Should Church back big society?

Have you heard of the "big society"? In policy wonk circles this phrase has been in vogue for the last couple of years (not coincidentally while governments face looming deficits and tough decisions).

Originating from British Prime Minister David Cameron, the conceptual "big society" is designed to replace "big government." Rather than letting the state try and do everything at immense taxpayer expense and one-size-fits-all models, the idea is to empower others—especially individuals and non-government organizations—to help build a better society through volunteerism and innovation.

The big society is not entirely new (when governments were under financial pressure in the 1990s, the hot phrase was "alternative service delivery"), but it places more emphasis on volunteerism than ever before. Big society ideas have been embraced by Cardus and other groups dedicated to renewing our "social architecture" through policy changes, like encouraging charitable donations with greater tax credits.

The big society has important implications for Christians. In many ways, churches and other "parachurch" organizations are already part of the big society, running all sorts of programs from homeless shelters to daycare programs. Some are entirely volunteer-driven while others operate on a cost-recovery basis, but the common theme is filling social needs at limited or no taxpayer cost, by tapping into the God-given human capacity for giving. It looks like a great fit: Christians acting as salt and light in the world, as instruments of Christ's love in the society around them.

Many big society enthusiasts feel there is even more untapped potential here, and that churches and other faith-based organizations can play an even greater and more systematic role in addressing social needs. This isn't entirely new—George W. Bush advocated "faith-based initiatives" a decade ago—but it has taken on new force in Canada given the tight fiscal climate in which governments find themselves.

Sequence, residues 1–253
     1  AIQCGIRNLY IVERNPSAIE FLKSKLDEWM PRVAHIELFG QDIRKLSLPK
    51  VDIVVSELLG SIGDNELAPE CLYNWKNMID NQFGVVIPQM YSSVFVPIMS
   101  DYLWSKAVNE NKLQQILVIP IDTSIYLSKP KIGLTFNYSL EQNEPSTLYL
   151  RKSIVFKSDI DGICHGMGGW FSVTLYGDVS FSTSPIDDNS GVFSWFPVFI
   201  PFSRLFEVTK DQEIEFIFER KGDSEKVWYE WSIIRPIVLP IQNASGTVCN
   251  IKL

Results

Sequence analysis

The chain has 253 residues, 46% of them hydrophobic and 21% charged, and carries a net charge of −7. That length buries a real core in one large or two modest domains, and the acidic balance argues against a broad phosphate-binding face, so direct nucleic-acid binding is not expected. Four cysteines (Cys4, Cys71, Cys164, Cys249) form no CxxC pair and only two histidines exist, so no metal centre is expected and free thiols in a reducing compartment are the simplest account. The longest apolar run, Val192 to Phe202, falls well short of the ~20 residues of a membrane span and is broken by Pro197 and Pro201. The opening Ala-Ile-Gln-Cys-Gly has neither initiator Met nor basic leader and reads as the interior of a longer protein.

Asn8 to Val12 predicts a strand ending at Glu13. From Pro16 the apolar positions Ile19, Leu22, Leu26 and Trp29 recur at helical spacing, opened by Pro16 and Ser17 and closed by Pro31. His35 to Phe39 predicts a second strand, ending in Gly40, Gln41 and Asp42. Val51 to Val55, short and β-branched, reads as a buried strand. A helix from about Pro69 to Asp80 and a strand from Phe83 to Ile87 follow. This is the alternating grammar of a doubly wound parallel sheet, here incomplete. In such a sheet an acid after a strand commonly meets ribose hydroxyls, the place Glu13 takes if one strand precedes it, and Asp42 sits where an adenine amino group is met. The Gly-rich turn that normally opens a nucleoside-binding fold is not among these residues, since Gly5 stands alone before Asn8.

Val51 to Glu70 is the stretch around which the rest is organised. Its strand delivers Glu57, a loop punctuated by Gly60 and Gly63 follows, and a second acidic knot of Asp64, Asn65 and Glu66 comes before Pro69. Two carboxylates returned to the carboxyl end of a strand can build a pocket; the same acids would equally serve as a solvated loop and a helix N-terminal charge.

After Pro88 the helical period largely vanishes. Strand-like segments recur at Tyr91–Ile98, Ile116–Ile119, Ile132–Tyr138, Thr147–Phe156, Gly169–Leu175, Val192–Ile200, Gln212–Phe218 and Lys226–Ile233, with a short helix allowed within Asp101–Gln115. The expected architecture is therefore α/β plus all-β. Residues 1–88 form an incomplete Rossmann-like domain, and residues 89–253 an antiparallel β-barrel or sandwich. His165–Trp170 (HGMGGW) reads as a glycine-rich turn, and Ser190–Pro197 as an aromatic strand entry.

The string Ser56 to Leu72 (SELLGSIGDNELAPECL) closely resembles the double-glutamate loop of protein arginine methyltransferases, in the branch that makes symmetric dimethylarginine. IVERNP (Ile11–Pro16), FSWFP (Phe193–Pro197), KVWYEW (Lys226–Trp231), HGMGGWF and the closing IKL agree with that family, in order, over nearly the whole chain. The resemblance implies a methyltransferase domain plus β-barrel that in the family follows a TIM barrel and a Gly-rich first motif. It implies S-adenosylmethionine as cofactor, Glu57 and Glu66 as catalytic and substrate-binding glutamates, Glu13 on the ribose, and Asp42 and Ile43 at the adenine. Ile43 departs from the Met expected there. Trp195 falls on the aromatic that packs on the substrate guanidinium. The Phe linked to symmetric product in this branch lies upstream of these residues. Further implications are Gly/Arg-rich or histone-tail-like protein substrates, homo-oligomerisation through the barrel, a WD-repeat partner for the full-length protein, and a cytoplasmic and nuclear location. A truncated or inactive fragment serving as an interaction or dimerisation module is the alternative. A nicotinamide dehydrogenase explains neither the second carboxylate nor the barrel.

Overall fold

But it's not that easy. Most churches focus on internal spiritual care before addressing social outreach programs. Pastors are hired to teach and shepherd, not run food banks. And the churches that do promote the "social gospel" have been criticized for losing their spiritual foundations.

A second concern is that mixing spiritual and social missions is a delicate matter. Non-Christians are often skeptical and suspect Christians are more interested in "proselytizing" than actually serving others. Recall last year's debacle over government funding for Youth for Christ's Winnipeg drop-in centre. This is a classic big society initiative: injecting limited taxpayer funds and relying on an independent non-profit organization to do the rest. But while much of the criticism against YFC was misinformed and vicious, there are genuine and delicate issues worth asking about how Christian organizations should reconcile their faith basis with a commitment to social service using public resources.

Likely, we will hear more about the big society (or some even newer buzzword) in the coming years. If trends continue, there will be even more pressure for faith groups to create social services as governments keep tightening their belts. But while there is potential for great success, the big society doesn't always fit with the mission and calling of faith communities.

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About the author

ChristianWeek Columnist

Jonathan Malloy is an associate professor of political science at Carleton University in Ottawa, Ontario.